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For example pattern matching is a programming language feature that can be added to the clojure language through macros: http://www.brool.com/index.php/pattern-matching-in-clojure

What other language features can be added to the language?

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"If you give someone Fortran, he has Fortran. If you give someone Lisp, he has any language he pleases." Guy Steele –  Julien Chastang Aug 23 '11 at 4:22
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It would be easier to list things you can't add to the language this way. Unfortunately, goto is among them. –  SK-logic Aug 23 '11 at 10:59
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The JVM imposes some limits such as lack of proper tail calls (blogs.oracle.com/jrose/entry/tail_calls_in_the_vm). –  ponzao Aug 23 '11 at 12:30

3 Answers 3

I think its a stupid question to ask what can be added, what you should ask is what you cant add. Macros allow you to hook into the compiler that mean you can do almost anything.

At the moment you cant add your own syntax to the language. Clojure does not have a user extenseble reader, this means you don't have any reader-macros (http://dorophone.blogspot.com/2008/03/common-lisp-reader-macros-simple.html). This is not because of a technical problem but more a decition by Rich Hickey (the Clojure creator).

What you can not do is implement features that need virtual maschine support like add tail call semantics or goto.

If you want to see some stuff that has been done: Are there any Clojure DSLs?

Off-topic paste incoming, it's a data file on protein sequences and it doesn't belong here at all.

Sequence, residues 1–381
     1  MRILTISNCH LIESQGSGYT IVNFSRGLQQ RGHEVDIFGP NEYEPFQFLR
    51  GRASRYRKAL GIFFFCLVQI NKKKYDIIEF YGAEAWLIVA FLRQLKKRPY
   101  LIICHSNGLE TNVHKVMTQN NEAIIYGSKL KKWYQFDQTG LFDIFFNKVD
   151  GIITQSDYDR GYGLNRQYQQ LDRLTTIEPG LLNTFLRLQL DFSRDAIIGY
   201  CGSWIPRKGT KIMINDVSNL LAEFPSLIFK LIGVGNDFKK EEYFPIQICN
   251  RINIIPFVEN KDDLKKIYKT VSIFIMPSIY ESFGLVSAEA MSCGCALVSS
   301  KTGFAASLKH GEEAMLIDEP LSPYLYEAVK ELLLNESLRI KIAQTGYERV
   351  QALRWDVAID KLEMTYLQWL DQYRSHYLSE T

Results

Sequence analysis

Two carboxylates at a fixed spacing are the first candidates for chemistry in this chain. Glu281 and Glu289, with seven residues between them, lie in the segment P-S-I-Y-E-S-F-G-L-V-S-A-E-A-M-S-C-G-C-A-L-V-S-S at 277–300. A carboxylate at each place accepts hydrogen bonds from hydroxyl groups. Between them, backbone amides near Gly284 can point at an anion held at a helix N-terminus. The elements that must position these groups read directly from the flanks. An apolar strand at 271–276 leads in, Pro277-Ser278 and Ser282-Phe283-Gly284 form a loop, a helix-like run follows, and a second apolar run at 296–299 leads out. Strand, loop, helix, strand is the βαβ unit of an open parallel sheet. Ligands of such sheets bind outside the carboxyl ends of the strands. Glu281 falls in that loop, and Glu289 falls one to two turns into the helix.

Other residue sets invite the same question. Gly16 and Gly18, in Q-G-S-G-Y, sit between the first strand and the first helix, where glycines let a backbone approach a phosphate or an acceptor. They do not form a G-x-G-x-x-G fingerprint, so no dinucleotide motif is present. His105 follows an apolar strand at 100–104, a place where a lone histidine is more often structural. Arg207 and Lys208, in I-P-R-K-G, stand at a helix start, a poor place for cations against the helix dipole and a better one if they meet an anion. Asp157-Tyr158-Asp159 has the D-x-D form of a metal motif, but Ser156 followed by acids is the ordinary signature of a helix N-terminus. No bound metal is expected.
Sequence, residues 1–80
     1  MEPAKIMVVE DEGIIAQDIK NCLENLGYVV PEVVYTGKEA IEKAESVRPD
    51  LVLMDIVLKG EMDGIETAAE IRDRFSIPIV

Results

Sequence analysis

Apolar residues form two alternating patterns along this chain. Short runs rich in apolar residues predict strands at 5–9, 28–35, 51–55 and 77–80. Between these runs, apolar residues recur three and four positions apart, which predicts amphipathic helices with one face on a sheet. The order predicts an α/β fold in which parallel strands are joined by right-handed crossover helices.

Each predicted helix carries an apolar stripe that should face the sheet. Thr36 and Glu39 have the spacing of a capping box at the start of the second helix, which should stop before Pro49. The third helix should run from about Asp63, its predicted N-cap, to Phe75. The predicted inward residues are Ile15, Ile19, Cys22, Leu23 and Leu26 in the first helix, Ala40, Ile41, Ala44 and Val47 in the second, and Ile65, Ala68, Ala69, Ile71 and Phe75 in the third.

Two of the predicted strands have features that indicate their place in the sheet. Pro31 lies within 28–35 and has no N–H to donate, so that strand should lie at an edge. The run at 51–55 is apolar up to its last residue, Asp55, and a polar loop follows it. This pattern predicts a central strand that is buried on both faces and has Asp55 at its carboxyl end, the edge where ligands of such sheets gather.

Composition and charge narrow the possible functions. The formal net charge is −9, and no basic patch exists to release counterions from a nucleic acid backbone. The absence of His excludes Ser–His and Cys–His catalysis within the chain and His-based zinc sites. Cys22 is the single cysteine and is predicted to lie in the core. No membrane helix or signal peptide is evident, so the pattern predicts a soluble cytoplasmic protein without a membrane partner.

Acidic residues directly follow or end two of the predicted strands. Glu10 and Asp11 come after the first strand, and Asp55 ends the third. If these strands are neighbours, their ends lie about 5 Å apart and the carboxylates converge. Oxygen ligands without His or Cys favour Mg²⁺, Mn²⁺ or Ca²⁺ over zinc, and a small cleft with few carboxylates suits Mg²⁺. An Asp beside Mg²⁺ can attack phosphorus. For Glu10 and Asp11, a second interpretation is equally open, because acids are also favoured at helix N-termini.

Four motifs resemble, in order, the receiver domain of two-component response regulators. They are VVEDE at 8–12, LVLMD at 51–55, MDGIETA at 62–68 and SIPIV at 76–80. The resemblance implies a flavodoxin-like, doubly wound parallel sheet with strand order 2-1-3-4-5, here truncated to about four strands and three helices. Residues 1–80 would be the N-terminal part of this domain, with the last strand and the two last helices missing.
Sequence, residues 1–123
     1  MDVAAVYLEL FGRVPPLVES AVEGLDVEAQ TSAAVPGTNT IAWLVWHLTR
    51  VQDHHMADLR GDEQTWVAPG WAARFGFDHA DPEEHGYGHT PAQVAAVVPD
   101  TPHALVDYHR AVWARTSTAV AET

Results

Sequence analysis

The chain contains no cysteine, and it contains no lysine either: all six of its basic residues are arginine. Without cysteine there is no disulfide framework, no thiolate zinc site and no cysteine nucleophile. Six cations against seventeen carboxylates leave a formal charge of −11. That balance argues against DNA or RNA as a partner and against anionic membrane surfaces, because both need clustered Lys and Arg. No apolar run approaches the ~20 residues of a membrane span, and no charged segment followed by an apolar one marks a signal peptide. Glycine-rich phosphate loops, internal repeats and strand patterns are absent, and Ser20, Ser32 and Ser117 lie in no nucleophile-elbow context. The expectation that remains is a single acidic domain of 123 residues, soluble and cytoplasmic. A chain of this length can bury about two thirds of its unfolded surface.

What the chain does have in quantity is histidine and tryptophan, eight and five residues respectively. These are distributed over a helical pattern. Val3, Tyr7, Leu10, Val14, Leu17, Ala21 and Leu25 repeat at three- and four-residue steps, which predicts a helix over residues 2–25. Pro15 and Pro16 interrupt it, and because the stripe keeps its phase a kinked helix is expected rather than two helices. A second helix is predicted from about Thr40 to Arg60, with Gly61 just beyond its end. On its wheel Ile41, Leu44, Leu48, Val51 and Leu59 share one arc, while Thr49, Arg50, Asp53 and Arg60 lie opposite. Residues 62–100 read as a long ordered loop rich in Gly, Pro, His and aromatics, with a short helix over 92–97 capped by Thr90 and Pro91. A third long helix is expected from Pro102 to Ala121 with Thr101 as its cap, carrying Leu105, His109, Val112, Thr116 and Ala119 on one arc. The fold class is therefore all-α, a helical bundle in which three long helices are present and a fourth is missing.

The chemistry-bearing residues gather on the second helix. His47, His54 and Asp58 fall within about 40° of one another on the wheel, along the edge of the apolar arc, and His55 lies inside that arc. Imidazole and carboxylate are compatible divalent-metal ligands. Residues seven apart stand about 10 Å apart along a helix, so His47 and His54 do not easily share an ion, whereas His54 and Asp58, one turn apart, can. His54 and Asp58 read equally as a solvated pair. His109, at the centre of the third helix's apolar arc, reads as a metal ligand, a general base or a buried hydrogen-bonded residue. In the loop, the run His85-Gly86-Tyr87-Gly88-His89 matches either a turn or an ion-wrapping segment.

Note that this list is not 100% up to date.

Edit:

Since you seem you took pattern matching as an example (it is a really good example for the power of macros) you should really look at the match library. Its probebly the best fastest pattern matching library in Clojure. http://vimeo.com/27860102

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You still can add your own syntax: just replace the whole Clojure reader with your own, and use it as (my-include "file.clj") macro. –  SK-logic Aug 23 '11 at 17:39

Off the top of my hat I have two examples, but I'm sure there are more.

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One might also note David Nolens work on core.logic, re mini-kanren. –  kotarak Aug 23 '11 at 9:18

You can effectively add any language features you like.

This follows from the ability of macros to construct arbitrary code at compile time: as long as you can figure out what code you need to generate in order to implement your language features, it can be achieved with macros.

Some examples I've seen:

There are a few caveats:

  • If the feature isn't supported directly by the JVM (e.g. tail call optimisation in the mutually recursive case) then you'll have to emulate it. Not a big deal, but may have some performance impact.
  • If the feature requires a syntax not supported by the Clojure reader, you'll need to provide your own reader (since Clojure lacks an extensible reader at present). As a result, it's much easier if you stick to Clojure syntax/forms.
  • If you do anything too unusual / unidiomatic, it probably won't get picked up by others. There is a lot of value in sticking to standard Clojure conventions.
  • Beware of using macros where they are not needed. Often, just using normal functions (perhaps higher order functions) is sufficient to implement many new language features. The general rule is: "don't use macros unless you absolutely need to".
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